Capacious as are the basins, slips, and other parts of the harbour, they are even now barely sufficient for the accommodation of the numerous steamers, propellers, and schooners, which bring their valuable cargoes from all parts of the Upper Lakes to this busy and prosperous city.
The enterprising merchants and citizens of Oswego, aware of the insufficient accommodation afforded to the shipping visiting their port, are now engaged in devising plans for the enlargement and improvement of this important harbour: amongst these may be mentioned-
The river Oswego has its source very near the head of the Mohawk; it passes through Lake Oneida, and in its course to Lake Ontario receives the Seneca River, besides the waters of several less streams and many small lakes. The waters from these in the spring and fall of the year so greatly swell and increase its current, that sailing vessels are unable to stem it, except when favoured by a strong northerly breeze.
To obviate this difficulty, numerous small but powerful tug boats are constantly plying about the mouth of the harbour, and when a large and heavily laden schooner comes within a mile or so of the port, they run out, seize upon their helpless prey, and conduct it alongside the wharf or warehouse to which it may be consigned, with as much ease and precision as a carriage can be driven up to a street door.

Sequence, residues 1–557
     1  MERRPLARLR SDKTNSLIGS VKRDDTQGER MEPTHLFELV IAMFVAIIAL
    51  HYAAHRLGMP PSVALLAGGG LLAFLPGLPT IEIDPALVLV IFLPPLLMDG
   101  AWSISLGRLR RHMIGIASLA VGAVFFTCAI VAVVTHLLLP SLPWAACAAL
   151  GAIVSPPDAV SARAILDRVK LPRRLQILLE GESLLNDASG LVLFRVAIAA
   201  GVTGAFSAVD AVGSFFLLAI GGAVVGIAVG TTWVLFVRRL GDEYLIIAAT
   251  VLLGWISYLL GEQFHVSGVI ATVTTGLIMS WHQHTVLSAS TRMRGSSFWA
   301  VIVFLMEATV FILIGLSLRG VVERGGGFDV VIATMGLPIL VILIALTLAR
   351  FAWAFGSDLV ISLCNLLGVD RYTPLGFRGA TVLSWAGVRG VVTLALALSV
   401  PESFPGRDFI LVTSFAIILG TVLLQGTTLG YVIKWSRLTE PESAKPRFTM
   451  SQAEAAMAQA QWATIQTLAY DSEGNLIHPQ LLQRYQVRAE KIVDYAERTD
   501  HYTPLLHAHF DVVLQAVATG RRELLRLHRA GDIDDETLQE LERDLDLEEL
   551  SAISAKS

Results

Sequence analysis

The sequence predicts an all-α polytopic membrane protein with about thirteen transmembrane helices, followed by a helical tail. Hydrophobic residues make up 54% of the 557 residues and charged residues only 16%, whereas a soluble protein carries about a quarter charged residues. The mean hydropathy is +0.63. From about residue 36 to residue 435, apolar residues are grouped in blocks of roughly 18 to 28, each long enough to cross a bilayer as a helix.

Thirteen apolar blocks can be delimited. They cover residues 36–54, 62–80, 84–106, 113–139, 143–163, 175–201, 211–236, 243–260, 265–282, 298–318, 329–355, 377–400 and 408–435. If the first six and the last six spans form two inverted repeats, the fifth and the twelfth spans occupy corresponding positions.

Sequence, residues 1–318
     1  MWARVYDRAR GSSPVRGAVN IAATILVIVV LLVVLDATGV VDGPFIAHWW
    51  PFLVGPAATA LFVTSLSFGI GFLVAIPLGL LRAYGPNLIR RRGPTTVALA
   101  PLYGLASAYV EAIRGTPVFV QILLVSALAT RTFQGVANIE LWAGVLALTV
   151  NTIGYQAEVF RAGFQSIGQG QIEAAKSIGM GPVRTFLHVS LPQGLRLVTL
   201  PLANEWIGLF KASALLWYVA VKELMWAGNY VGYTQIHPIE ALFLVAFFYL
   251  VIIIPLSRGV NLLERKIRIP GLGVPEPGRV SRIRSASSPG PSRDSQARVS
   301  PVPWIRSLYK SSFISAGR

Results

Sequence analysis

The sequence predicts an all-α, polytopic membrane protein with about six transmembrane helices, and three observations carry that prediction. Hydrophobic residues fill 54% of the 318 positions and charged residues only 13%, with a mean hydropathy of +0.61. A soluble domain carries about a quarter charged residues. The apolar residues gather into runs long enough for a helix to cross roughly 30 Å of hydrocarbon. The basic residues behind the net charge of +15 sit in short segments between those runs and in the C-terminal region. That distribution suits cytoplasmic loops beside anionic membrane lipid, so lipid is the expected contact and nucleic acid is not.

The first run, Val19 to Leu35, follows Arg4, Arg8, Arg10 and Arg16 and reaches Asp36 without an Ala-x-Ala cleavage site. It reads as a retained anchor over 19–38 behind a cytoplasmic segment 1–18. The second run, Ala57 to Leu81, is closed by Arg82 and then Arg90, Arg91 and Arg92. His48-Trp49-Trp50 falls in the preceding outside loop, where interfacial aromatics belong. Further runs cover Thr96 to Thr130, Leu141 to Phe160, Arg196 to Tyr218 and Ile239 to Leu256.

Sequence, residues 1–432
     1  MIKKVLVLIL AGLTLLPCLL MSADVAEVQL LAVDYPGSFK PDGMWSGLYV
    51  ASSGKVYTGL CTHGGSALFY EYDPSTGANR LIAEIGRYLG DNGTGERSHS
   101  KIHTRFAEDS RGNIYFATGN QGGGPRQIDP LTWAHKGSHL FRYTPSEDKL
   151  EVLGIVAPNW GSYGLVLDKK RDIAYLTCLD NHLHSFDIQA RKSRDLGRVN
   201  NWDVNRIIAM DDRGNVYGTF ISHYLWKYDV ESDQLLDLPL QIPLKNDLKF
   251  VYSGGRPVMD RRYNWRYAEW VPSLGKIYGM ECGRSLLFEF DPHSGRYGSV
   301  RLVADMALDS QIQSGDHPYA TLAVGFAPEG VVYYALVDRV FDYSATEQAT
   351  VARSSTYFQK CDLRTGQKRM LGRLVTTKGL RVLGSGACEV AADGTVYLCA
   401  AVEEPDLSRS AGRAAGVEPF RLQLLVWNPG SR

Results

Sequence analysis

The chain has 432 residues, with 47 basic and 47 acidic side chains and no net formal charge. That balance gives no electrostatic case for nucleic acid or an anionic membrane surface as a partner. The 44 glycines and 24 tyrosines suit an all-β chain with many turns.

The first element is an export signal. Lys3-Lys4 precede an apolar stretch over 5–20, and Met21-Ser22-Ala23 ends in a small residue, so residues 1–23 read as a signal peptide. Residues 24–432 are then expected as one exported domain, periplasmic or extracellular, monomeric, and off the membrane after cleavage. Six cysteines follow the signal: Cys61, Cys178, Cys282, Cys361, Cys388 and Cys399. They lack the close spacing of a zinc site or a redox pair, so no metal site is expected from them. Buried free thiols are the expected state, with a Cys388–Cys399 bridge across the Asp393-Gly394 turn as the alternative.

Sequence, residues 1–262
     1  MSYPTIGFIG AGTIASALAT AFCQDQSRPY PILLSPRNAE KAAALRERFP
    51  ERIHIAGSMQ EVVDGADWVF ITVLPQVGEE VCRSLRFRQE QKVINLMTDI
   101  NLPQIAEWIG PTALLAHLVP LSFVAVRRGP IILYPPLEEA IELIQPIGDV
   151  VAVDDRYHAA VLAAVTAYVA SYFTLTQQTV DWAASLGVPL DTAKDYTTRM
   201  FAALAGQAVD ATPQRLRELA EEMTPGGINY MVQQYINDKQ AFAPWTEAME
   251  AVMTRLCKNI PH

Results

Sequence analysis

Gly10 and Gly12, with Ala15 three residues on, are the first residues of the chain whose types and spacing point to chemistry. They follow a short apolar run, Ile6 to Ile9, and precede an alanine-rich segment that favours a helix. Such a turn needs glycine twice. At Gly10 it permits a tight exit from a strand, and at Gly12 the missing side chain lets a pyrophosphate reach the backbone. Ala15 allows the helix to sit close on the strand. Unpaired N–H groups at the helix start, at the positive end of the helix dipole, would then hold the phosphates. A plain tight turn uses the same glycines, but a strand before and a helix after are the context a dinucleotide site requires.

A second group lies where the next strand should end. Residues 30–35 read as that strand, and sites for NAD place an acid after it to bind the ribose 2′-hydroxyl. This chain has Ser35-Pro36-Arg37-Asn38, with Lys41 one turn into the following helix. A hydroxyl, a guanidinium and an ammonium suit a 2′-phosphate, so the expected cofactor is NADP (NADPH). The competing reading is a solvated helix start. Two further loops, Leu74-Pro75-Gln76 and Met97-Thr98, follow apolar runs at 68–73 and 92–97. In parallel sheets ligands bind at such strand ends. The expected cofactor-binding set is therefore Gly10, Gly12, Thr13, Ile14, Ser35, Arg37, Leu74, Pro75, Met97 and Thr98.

There are no rocks or shoals to be feared in approaching this port; the only dangers consist in the very heavy sea, which rolls into the harbour during a westerly blow, and the want of room to manoeuvre or work a vessel when inside.
COURSES AND DISTANCES.
Return to Home Portelectronic edition is based on the original in the collection of the Marine Museum of the Great Lakes at Kingston.